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24 Hours Across Africa

San Francisco blacklist e-cigarettes sales.

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San Francisco has taken drastic step to ban the sales of e-cigarettes aimed health effects associated with the brand.

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Officials on Tuesday voted to ban stores selling the vaporisers and made it illegal for online retailers to deliver to addresses in the city.

The Californian city is home to Juul Labs, the most popular e-cigarette producer in the US.

Juul said the move would drive smokers back to cigarettes and “create a thriving black market”.

San Francisco’s mayor, London Breed, has 10 days to sign off the legislation, but has indicated she will. The law would begin to be enforced seven months from that date, although there have been reports firms could mount a legal challenge.

Anti-vaping activists say firms deliberately target young people by offering flavoured products. Not only is more scientific investigation into the health impact needed, critics say, but vaping can encourage young people to switch to cigarettes.

Earlier this year the US Food and Drug Administration (FDA), the national regulator, issued proposed guidelines

According to the US Centers for Disease Control and Prevention, the number of US teenagers who admitted using nicotine products rose about 36% last year, something it attributed to a growth in e-cigarette use.

Under federal law, the minimum age to buy tobacco products is 18 years, although in California and several other states it is 21.

Juul previously said it supported cutting vaping among young people but only in conjunction with tougher measures to stop them accessing regular cigarettes.

The company’s small device, just longer than a flash drive, has about 70% of the US vaping market.

San Francisco’s ban would “drive former adult smokers who successfully switched to vapor products back to deadly cigarettes”, said Juul spokesman Ted Kwong. It would also stop adult smokers switching and create a “thriving black market”.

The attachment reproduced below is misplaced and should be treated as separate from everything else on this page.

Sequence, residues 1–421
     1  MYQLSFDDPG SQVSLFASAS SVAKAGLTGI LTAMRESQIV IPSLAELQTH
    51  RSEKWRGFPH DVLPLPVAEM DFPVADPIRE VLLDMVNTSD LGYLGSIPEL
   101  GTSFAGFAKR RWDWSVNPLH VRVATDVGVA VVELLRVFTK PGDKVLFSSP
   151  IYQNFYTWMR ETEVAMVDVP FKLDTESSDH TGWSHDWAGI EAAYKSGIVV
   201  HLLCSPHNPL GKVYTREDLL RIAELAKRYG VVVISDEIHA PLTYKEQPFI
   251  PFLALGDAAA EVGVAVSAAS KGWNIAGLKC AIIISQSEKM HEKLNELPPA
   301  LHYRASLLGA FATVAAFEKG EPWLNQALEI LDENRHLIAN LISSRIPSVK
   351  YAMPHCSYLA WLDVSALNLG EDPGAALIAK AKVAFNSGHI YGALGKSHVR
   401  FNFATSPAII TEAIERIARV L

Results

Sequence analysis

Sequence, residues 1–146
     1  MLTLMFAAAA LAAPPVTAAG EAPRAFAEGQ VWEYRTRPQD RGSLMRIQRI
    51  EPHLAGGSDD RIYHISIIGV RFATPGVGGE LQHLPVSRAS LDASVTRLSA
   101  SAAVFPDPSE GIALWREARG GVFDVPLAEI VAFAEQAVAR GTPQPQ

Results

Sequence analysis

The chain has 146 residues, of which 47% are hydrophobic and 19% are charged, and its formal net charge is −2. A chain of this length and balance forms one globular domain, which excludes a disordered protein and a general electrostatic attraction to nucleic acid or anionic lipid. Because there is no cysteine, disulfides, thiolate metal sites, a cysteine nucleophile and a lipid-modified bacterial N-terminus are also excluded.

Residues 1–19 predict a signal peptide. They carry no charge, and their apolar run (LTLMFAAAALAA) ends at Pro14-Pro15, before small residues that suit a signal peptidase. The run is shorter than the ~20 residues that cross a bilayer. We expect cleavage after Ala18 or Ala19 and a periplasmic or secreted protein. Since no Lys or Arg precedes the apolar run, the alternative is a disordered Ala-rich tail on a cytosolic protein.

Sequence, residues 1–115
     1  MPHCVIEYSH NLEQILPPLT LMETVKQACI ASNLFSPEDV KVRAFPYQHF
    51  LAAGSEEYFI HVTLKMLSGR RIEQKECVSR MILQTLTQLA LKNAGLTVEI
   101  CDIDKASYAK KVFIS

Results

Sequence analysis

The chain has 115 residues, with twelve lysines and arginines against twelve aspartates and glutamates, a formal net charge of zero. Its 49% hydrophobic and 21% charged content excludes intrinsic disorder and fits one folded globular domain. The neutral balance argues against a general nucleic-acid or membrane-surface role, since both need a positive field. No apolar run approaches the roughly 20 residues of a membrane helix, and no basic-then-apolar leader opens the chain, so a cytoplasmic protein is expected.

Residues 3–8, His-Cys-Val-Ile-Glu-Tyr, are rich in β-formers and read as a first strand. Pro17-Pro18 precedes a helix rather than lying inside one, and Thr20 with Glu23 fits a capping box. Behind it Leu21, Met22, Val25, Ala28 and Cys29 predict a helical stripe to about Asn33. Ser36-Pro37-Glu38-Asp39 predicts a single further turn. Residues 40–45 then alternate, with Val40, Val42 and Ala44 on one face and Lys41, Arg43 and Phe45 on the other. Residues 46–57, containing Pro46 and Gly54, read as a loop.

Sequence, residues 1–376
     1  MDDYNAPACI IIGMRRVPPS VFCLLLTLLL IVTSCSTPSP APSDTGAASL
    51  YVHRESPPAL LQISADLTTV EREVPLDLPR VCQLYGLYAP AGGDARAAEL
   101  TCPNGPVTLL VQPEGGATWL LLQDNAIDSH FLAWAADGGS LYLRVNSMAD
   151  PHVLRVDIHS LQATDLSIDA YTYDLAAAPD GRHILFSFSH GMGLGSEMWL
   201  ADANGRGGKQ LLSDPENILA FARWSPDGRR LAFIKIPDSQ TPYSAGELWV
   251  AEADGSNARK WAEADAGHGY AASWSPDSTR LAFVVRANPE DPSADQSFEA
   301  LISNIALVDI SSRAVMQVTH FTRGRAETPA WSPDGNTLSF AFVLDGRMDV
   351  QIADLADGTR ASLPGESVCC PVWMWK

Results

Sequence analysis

“We have already taken the most aggressive actions in the industry to keep our products out of the hands of those underage and are taking steps to do more.”


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24 Hours Across Africa

Zimbawe’s doctor goes missing after masterminding strike

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Fearless Zimbabwe’s minister of health has called on the government to address insecurity lapses that has lead to the disappearance Peter Magombeyi, the head of a doctor’s union, who disappeared on Saturday.

Fears are rising over the fate of Zimbabwe medical doctor Dr Peter Magombeyi after he sent a message to say he had been abducted in that country by unknown persons – apparently for demanding a “living wage”.

An AFP report earlier on Sunday quoted the Zimbabwe Hospital Doctor’s Association (ZHDA) as saying Magombeyi had not been heard from since he sent a WhatsApp message on Saturday night saying he had been “kidnapped by three men”.

Zimbabwe doctors, who earn a miserly equivalent of about R3 000 are on strike to press for better wages, equipment and medicines in state hospitals.

The ZHDA has reportedly accused state security forces of abducting the doctor because of his role in organising work stoppages.

This week some doctors said the death of deposed Robert Mugabe, 95, in a Singapore hospital on 6 September was an indication of how bad health services in Zimbabwe

“Dr Magombeyi’s crime is only to ask for a living wage for his profession. This is a reflection of the troubles born out of refusal to implement Political Reforms.”

The Zimbabwe government led by Emmerson Mnangagwa has not publicly commented on the doctor’s disappearance

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24 Hours Across Africa

South Africans ask Nigerians for forgiveness as they troop out in masses

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Say no to Xenophobia, South Africans troop out in masses carrying banner and asking for forgiveness from Nigerians after weeks of xenophobic attacks.

The south Africans sangs as they marched through the street and also held up a banner which called for unity among Africans, week after the attack which led to destruction of properties and looting of shops owned by foreigners.

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